The term Sneakerhead is ubiquitous with Michael Jordan and the Air Jordan line. This was one of the first major pushes for branded footwear in the leisure market and was quickly reinforced not only by athletes but by a brewing hip hop subculture.

Hip hop spread the aspiration of owning this branded footwear to the masses. We continue seeing this today with Puma x Rihanna, Adidas x Pharrell Williams, Adidas x Yeezy, etc.

The sheer volume of artists, stars, and social media personalities has made the space more competitive over the years. It used to be a novelty to see an athlete with a new sneaker line, now it seems like shoe lines are a dime a dozen with the Kim Kardashians and Justin Biebers of the world.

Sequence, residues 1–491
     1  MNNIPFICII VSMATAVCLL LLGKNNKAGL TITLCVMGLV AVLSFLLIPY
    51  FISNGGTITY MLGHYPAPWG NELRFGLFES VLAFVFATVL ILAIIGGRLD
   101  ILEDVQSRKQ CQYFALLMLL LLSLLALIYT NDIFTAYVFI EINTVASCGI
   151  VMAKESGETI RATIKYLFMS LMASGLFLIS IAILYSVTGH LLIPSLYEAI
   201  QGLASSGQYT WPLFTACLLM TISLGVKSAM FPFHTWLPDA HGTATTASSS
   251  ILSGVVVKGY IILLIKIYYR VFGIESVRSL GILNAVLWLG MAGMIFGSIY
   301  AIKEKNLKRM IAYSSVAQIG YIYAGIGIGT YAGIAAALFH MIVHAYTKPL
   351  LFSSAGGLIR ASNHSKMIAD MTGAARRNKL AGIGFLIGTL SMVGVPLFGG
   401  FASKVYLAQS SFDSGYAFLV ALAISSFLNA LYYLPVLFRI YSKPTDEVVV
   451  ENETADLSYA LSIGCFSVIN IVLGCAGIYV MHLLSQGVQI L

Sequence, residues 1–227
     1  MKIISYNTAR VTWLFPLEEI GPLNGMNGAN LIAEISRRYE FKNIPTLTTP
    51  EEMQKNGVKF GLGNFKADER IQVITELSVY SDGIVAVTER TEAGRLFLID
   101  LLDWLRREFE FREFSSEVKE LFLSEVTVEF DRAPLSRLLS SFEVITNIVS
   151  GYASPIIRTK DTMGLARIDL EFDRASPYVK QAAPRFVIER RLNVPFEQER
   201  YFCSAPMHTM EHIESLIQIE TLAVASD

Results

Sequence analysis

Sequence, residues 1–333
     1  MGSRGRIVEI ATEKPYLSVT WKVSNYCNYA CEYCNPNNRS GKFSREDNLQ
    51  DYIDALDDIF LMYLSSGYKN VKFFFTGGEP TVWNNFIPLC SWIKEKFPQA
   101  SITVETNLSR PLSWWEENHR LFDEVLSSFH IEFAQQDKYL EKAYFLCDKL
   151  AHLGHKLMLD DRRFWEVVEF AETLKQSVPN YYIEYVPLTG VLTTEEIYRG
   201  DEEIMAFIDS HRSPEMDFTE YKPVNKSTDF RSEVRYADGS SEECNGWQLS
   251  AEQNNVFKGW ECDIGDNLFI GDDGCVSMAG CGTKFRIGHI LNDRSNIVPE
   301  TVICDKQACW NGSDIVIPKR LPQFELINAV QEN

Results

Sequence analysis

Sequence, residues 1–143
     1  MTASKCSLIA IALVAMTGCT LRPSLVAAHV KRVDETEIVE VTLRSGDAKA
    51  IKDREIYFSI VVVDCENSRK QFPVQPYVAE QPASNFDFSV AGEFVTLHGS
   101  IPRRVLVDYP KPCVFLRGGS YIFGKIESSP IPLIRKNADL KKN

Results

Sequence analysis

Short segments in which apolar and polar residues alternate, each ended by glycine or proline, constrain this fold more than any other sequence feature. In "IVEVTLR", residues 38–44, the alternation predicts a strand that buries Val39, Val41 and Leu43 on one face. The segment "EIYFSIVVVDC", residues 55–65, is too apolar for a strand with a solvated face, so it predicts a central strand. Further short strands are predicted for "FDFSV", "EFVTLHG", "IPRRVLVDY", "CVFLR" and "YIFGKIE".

What's missing from these new brands are that they aren't establishing 'collectibles' as part of their culture. This used to be the aspect of branded lines that made them sticky with consumers and gave the line staying power. With the volume of footwear competition in the market, a hyped social media presence and an aggressive marketing budget is being used in its stead.

What is rarely discussed with these newer branded lines are the material qualities (unless they're marketed as 'tech' driven for sportswear), and how the materials are sourced.

Brandon Cohn